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After we finished our course and warmed up in the warming hut, a couple of us went back out to do a little bit more exploring. The trails are so well taken care of and the maps and markers make it so easy to not get lost as you weave in and around the forest. I need to pay more attention to the events they have going on. They do a fun/beginners biathlon that I would love to try out and several other fun races.
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One of the hills we would realize was not so bad later on

When we were done, we meet up with the others at the local Buffalo Bar before heading over to the Norris Hot Springs to finish the day off before heading back to Bozeman. I’m sure we’ll have another great crew headed down again for next years Taste!

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Last year’s crew

XC Skiing in Yellowstone [Bunsen Peak Trail]

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For the 2016 Superbowl, The Sexy Master Electrician decided to give cross country skiing another try after not being too fond of it last winter. We went back to Yellowstone and rented gear at the shop by Mammoth Hot Springs. We picked up a map and advice on where to go. They had just received new snow so we were pretty excited to go. We decided to try the trail around Bunsen Peak. Thankfully, the guy at the shop told us which way to go, I was thinking it would be easier to go the other way. That was not the case at all.

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We could have waited for shuttle to take us to the trail head but we decided to hike/ski up the road a few miles and not have to wait and hour or pay. Plus, this meant we got to ski through the Hoodoos. It was a bit longer than the guy thought to the trail head, but we made it. We were off on a beautiful blue sky day with no evidence of anyone being out there before us yet that day.

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The road up to the trail was mostly up hill, nothing terrible, but still up hill. The trail around the mountain was pretty flat and lovely. We eventually reached a junction to a trail that continued south were you can go to Indian Creek and later we ran in to some people who were on their way back from there.

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We stopped for lunch on the east side of the peak just before it started going down hill. And this was serious downhill with switchbacks and all. Something that I had no practice with on cross country skis and we both spent plenty of time on our butts. It’s hard to stop in these skis. We started to get the hang of it as the slope became less sever an there wasn’t a cliff on one side of us to worry about.
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In total it was just over 9 miles long and a nice fellow skier gave me a lift back to Shorty. After we dropped off our skis we headed down to the boiling river for a lovely soak before heading home.
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B Bar Ranch [Get outdoors for MOSS]

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Right now, in Bozeman, ski season is long over, but this is the first of a few skiing posts that I will eventually get up here.  Last year I came across a fundraiser for Montana Outdoor Science School (MOSS) that was a day of cross country skiing and lunch and all proceeds go to the school. I wanted to go, but for some reason it didn’t. This year when I came across it, I sent out a message to some friends and signed us up.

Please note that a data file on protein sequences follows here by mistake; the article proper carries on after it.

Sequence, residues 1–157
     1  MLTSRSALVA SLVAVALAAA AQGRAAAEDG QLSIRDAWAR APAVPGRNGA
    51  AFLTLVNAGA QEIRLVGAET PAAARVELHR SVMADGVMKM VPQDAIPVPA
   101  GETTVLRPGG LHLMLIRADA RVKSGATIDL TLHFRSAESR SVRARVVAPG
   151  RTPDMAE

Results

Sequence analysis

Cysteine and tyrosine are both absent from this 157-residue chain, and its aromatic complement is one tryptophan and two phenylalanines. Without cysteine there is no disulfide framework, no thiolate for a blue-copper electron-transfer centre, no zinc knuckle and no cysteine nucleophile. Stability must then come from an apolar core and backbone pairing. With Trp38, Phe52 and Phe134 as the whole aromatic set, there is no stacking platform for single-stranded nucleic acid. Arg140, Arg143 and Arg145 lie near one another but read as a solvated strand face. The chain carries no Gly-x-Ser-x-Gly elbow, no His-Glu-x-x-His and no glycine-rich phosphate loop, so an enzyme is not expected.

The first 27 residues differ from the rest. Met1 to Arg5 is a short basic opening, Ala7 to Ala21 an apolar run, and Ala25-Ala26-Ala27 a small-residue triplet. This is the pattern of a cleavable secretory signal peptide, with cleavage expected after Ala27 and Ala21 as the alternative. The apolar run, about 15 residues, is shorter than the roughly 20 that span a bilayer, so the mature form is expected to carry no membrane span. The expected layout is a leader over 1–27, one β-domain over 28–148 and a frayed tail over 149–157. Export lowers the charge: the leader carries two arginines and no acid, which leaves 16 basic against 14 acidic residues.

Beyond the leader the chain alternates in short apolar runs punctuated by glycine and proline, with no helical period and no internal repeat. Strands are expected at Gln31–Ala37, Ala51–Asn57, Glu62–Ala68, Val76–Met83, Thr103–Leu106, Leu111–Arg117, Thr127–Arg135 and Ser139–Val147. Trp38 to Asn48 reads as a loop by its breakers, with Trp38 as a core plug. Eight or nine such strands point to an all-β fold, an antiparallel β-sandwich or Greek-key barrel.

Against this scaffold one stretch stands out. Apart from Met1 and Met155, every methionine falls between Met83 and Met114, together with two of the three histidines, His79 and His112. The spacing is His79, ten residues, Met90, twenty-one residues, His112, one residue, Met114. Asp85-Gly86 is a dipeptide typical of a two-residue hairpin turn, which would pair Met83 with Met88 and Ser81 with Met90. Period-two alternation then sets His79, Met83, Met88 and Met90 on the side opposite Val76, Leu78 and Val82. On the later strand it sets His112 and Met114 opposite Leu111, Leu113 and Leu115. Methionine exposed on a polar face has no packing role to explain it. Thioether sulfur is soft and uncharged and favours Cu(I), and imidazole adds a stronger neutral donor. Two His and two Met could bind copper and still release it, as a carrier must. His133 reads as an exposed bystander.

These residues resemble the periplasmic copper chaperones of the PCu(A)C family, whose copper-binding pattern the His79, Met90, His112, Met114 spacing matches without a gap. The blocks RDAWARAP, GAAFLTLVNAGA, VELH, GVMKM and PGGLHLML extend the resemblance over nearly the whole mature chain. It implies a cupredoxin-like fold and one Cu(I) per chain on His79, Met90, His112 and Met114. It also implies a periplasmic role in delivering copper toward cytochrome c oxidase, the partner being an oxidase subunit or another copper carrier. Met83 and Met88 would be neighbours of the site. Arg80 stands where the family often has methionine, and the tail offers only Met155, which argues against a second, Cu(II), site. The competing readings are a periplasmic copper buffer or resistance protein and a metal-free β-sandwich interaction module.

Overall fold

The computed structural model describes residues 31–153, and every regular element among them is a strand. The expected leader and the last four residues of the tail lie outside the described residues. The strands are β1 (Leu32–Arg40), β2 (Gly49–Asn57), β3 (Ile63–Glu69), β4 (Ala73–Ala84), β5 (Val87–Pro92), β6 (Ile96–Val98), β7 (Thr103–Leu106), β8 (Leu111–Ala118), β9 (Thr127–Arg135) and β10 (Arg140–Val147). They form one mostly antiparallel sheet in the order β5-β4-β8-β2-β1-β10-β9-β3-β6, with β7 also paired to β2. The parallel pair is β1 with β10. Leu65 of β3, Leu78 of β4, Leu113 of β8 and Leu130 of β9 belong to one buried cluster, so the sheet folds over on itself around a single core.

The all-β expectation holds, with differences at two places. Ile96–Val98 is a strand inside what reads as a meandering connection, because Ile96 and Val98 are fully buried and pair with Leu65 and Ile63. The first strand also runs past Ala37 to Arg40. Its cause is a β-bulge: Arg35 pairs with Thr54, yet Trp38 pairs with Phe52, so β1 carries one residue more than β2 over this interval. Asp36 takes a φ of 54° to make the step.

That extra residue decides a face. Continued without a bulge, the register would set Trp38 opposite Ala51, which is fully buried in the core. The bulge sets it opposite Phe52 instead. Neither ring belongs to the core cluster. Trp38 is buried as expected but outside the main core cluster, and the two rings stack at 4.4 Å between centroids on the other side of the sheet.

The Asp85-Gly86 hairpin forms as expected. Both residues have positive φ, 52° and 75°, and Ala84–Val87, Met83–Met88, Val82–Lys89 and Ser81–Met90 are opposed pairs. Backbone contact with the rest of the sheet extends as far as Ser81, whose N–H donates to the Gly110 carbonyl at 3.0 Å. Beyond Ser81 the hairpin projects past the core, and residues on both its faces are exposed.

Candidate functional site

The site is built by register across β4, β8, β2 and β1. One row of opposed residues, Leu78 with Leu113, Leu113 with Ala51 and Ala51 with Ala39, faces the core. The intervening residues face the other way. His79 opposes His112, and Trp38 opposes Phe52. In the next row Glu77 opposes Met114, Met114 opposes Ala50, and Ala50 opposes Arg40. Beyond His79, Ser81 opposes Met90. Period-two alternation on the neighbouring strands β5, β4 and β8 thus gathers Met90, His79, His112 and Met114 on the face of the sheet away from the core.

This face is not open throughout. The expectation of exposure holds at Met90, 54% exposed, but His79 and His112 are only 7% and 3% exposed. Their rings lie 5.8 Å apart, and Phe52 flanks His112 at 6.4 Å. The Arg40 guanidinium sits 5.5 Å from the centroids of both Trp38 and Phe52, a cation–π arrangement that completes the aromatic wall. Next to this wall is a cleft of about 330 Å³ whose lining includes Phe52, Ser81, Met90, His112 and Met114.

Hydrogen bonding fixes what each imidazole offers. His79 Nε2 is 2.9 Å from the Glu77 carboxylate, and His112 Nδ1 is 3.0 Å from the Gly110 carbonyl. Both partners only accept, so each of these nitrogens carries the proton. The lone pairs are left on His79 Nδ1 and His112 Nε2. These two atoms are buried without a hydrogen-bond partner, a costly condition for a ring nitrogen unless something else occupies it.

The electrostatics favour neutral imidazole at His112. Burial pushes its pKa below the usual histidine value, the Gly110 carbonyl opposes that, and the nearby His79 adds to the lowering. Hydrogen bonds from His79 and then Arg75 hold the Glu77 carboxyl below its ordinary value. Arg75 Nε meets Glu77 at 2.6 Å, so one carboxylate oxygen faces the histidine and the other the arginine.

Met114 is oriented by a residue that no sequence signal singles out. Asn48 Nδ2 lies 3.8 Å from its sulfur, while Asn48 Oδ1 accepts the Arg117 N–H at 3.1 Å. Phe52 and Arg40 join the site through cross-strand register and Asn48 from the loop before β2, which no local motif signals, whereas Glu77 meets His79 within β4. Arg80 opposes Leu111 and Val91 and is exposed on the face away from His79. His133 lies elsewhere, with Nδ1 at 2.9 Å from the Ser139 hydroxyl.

None of us had heard of B Bar Ranch, but we had heard that Tom Miner Canyon, where it is located at the southern end of Paradise Valley, was gorgeous. As we were driving out, there was very little snow on the ground in the valley. Meanwhile, Bozeman had a bit of a storm the night before and we saw several wrecks on the way over the pass’ and there was plenty of snow in Gallatin Valley. Once we turned off into the canyon we started climbing up and by the time we got to the ranch you wouldn’t believe there was no snow five miles north. 
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The area is definitely beautiful and we all want to go back for either hiking or skiing in the future. The ranch is several miles in and is a retreat of sorts in the summer for larger groups. In the winter, you can ski their groomed trails for $10. There are three locations that you can ski into and stay the night. That is next on the list, especially since it’s only two to three miles in on easy trails.
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We did a four to five mile loop before grabbing lunch in the Nordic tent. It is an old canvass tent with a wood stove in the center. One of the “cabin” you can hike/ski into is also an old tent. It was super cozy and lovely to hang out in. We talked about going out for another short run, but after resting realized we were a bit more sore than we thought, it was our first time out this season after all.
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MOSS was doing guided tours for those interested, but we had more fun out on our own and definitely plan to go back next year if it works out. Hopefully we get out there doe more than just the fundraiser.
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A Road Trip to Tahoe

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I managed to find myself in California again just two weeks after attending Iris’s wedding. I went on a road trip with Dr. K to her home town of Tahoe City for a long weekend.  And it was nothing like the California I had just visited. I have been to the northern part of the state and seen the redwood forests, but that was over 10 years ago and I kind of forgot that California has mountains and forests, so it was nice to be reminded they exist there. Oh, and Lake Tahoe is beautiful.